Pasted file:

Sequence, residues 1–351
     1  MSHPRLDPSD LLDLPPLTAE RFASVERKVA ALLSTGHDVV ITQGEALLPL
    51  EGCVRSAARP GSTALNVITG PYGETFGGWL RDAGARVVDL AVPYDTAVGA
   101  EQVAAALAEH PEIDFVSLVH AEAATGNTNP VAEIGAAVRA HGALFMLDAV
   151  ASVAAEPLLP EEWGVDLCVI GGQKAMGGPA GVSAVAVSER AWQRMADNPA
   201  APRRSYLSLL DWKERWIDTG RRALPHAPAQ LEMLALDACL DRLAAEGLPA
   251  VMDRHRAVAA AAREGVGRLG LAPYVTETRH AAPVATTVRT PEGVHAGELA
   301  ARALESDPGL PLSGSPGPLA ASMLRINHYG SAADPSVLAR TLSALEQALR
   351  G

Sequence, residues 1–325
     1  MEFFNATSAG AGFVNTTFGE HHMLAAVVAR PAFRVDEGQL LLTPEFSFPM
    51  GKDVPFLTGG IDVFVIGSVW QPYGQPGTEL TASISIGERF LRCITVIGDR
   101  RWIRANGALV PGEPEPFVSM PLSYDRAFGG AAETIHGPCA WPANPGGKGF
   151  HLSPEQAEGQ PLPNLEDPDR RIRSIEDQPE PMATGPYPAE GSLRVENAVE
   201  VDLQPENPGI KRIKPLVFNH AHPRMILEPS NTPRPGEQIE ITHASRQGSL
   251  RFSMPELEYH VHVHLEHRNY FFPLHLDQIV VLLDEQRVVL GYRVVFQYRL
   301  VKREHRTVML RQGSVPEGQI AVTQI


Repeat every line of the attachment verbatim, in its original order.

Sequence, residues 1–351
     1  MSHPRLDPSD LLDLPPLTAE RFASVERKVA ALLSTGHDVV ITQGEALLPL
    51  EGCVRSAARP GSTALNVITG PYGETFGGWL RDAGARVVDL AVPYDTAVGA
   101  EQVAAALAEH PEIDFVSLVH AEAATGNTNP VAEIGAAVRA HGALFMLDAV
   151  ASVAAEPLLP EEWGVDLCVI GGQKAMGGPA GVSAVAVSER AWQRMADNPA
   201  APRRSYLSLL DWKERWIDTG RRALPHAPAQ LEMLALDACL DRLAAEGLPA
   251  VMDRHRAVAA AAREGVGRLG LAPYVTETRH AAPVATTVRT PEGVHAGELA
   301  ARALESDPGL PLSGSPGPLA ASMLRINHYG SAADPSVLAR TLSALEQALR
   351  G

Sequence, residues 1–325
     1  MEFFNATSAG AGFVNTTFGE HHMLAAVVAR PAFRVDEGQL LLTPEFSFPM
    51  GKDVPFLTGG IDVFVIGSVW QPYGQPGTEL TASISIGERF LRCITVIGDR
   101  RWIRANGALV PGEPEPFVSM PLSYDRAFGG AAETIHGPCA WPANPGGKGF
   151  HLSPEQAEGQ PLPNLEDPDR RIRSIEDQPE PMATGPYPAE GSLRVENAVE
   201  VDLQPENPGI KRIKPLVFNH AHPRMILEPS NTPRPGEQIE ITHASRQGSL
   251  RFSMPELEYH VHVHLEHRNY FFPLHLDQIV VLLDEQRVVL GYRVVFQYRL
   301  VKREHRTVML RQGSVPEGQI AVTQI